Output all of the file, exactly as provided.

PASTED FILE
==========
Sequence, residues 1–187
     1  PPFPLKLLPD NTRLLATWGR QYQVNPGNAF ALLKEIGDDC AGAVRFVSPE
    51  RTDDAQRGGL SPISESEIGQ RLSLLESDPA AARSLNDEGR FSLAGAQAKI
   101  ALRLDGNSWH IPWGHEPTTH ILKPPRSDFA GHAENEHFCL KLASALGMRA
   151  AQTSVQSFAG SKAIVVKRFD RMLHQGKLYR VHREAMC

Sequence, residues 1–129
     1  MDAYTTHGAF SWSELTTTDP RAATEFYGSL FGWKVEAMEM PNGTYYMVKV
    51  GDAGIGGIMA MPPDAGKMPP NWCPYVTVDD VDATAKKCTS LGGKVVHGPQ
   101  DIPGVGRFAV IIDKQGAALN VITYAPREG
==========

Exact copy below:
Sequence, residues 1–187
     1  PPFPLKLLPD NTRLLATWGR QYQVNPGNAF ALLKEIGDDC AGAVRFVSPE
    51  RTDDAQRGGL SPISESEIGQ RLSLLESDPA AARSLNDEGR FSLAGAQAKI
   101  ALRLDGNSWH IPWGHEPTTH ILKPPRSDFA GHAENEHFCL KLASALGMRA
   151  AQTSVQSFAG SKAIVVKRFD RMLHQGKLYR VHREAMC

Sequence, residues 1–129
     1  MDAYTTHGAF SWSELTTTDP RAATEFYGSL FGWKVEAMEM PNGTYYMVKV
    51  GDAGIGGIMA MPPDAGKMPP NWCPYVTVDD VDATAKKCTS LGGKVVHGPQ
   101  DIPGVGRFAV IIDKQGAALN VITYAPREG